Adult Respiratory Distress Syndrome

What is this Condition?

In this syndrome, fluid builds up in the lungs and causes them to stiffen. This impairs breathing, thereby reducing the amount of oxygen in the capillaries that supply the lungs. When severe, the syndrome can cause an unmanageable and ultimately fatal lack of oxygen. However, people who recover may have little or no permanent lung damage.
What Causes it?

Adult respitatory distress syndrome is caused by:

o aspiration of stomach contents into the lungs

o infection, injury (such as a lung contusion, head injury, bone fracture with fat emboli), or too much oxygen

o viral, bacterial, or fungal pneumonia or microemboli (fat or air emboli or disseminated intravascular coagulation)

o drug overdose (barbiturates or narcotics) or blood transfusion

o smoke or chemical inhalation (nitrous oxide, chlorine, ammonia)

o hydrocarbon and paraquat (a toxic herbicide) ingestion

o pancreatitis or uremia

o near-drowning.

If the body can’t remove the accumulated fluid, swelling within the lungs and narrowing of their airways develops. Oxygen deficiency is caused by fluid accumulation.

What are its Symptoms?

Adult respiratory distress syndrome initially produces rapid, shallow breathing and shortness of breath within hours to days of the initial injury. Oxygen deficiency develops, causing an increased drive for breathing. Because of the effort required to expand the stiff lung, the person’s chest retracts during breathing. As the person gets less oxygen, he or she becomes restless, apprehensive, and mentally sluggish.

Severe adult respiratory distress syndrome causes an overwhelming deficiency of oxygen which, if uncorrected, results in very low blood pressure, decreasing urine output and, eventually, heart attack.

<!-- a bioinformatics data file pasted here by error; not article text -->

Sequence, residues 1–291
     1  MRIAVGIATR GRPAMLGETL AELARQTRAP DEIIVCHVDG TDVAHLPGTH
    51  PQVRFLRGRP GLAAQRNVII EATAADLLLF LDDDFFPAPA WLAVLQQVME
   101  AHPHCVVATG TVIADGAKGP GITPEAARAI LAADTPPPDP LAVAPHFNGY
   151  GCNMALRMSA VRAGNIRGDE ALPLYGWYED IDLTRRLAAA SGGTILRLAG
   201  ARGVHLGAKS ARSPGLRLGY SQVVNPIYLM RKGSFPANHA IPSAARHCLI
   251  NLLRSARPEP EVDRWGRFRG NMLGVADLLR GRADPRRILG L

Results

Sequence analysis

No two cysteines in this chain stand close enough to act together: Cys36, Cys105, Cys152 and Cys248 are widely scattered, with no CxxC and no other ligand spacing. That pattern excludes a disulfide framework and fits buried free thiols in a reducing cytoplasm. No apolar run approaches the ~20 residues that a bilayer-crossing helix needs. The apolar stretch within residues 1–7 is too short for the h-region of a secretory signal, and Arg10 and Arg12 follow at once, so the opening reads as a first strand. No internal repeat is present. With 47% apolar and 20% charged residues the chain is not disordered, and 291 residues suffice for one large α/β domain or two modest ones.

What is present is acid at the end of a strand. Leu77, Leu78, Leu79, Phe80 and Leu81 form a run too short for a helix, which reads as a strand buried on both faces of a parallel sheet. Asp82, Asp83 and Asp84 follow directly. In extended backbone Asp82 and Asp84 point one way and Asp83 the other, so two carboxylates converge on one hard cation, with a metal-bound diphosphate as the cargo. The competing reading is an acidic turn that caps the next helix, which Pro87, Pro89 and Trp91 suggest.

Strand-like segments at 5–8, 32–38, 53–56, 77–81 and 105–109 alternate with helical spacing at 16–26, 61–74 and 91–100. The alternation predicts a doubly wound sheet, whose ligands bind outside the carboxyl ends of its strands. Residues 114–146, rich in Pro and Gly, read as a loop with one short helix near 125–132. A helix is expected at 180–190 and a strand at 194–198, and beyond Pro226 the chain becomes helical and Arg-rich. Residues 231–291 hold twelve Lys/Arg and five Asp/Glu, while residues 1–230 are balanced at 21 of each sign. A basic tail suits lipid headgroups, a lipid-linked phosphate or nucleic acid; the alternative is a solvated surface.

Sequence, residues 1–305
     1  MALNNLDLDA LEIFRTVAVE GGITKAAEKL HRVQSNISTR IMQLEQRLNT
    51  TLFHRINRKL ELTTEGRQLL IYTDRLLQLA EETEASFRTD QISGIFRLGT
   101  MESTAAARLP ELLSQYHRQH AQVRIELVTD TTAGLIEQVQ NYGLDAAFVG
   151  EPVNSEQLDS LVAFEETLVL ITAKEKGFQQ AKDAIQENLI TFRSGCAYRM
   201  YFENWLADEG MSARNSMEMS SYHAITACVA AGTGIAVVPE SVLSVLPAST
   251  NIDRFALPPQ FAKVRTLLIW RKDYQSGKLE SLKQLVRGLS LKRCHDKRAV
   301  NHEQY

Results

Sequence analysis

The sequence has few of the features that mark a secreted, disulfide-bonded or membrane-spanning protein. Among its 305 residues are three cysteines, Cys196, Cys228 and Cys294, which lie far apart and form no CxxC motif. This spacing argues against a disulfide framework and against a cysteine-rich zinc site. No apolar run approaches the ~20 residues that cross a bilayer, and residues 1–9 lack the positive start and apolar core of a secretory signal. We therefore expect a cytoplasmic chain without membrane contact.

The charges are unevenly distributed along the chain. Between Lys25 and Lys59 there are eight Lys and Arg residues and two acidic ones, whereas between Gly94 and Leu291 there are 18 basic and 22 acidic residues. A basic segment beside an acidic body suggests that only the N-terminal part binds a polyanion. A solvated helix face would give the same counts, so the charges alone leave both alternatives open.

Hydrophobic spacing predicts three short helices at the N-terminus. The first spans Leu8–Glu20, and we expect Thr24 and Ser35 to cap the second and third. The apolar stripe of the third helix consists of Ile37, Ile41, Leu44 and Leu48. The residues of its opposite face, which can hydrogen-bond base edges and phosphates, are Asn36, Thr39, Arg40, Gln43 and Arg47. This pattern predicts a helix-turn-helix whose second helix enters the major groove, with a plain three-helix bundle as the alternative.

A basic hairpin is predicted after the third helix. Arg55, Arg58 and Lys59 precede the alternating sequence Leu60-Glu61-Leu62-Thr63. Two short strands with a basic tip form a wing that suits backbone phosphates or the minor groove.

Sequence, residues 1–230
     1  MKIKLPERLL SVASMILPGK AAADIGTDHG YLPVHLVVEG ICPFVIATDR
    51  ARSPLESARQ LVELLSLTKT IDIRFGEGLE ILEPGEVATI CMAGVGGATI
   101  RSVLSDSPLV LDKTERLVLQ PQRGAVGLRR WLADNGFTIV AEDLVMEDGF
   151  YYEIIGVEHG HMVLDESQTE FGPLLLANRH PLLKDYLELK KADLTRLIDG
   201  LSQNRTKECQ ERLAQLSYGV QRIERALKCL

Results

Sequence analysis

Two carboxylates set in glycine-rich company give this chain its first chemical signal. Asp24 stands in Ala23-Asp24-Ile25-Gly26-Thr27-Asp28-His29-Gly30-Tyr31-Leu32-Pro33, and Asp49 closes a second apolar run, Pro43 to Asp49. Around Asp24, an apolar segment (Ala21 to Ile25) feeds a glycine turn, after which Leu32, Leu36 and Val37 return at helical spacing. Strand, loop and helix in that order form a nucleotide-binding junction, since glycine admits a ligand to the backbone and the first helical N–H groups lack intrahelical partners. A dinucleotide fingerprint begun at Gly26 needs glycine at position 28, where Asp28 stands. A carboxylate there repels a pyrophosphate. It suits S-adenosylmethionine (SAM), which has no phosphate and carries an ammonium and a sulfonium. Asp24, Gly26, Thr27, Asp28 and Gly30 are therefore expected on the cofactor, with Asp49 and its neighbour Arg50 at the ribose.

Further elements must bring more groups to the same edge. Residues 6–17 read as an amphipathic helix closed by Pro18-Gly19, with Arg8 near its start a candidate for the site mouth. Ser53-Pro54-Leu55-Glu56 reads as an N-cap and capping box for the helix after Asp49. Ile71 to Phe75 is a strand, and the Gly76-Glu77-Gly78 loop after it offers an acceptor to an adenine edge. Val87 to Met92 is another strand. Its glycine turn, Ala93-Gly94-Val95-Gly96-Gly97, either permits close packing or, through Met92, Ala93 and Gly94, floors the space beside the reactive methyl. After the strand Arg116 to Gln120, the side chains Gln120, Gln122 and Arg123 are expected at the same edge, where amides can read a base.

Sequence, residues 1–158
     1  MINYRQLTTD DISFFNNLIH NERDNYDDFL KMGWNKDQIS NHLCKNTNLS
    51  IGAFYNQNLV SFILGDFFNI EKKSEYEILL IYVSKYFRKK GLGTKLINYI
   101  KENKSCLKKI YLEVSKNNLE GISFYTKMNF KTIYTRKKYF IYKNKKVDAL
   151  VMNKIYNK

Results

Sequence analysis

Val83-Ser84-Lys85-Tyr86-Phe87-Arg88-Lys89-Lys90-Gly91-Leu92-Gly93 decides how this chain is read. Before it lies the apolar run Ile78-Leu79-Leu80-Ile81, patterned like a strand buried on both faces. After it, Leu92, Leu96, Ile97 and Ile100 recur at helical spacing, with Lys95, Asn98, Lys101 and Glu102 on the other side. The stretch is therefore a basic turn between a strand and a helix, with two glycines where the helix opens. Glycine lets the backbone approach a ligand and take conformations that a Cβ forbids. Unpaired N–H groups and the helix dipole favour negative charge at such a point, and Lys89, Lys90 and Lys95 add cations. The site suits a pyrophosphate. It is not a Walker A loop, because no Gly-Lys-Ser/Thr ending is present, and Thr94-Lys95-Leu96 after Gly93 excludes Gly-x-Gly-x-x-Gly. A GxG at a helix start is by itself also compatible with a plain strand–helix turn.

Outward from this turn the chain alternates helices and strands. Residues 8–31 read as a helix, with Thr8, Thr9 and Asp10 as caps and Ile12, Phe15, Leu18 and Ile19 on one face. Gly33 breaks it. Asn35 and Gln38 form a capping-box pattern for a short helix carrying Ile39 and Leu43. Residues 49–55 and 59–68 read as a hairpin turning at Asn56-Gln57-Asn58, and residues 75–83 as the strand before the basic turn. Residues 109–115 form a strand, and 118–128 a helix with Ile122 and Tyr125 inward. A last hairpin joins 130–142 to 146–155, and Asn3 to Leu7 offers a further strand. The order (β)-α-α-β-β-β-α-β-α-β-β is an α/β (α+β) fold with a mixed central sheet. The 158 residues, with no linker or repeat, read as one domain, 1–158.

How is it Diagnosed?

Arterial blood gas analysis helps detect the syndrome. Other tests include pulmonary artery catheterization and chest X-rays.

Tests must rule out other lung disorders. To establish the cause of the illness, lab work includes cultures of sputum and blood specimens to detect infections; a toxicology screen for drug ingestion; and, if pancreatitis is a possibility, a serum amylase determination.
How is it Treated?

When possible, treatment tries to correct the underlying cause of adult respiratory distress syndrome and to prevent progression and potentially fatal complications. Supportive medical care consists of administering humidified oxygen by a tight-fitting mask. Oxygen deficiency that doesn’t respond adequately to these measures requires the use of a mechanical ventilator. Other supportive measures include fluid restriction, diuretics, and correction of electrolyte and acid-base abnormalities.

When adult respiratory distress syndrome requires a mechanical ventilator, drugs such as sedatives, narcotics, or the neuromuscular blockers Tubarine or Pavalon may be given to minimize restlessness and ease breathing.

When adult respiratory distress syndrome is caused by fat emboli or chemical injuries to the lungs, a short course of high-dose steroids may help if given early. Intravenous fluids and drugs may be given to maintain blood pressure. Infections require antibiotics.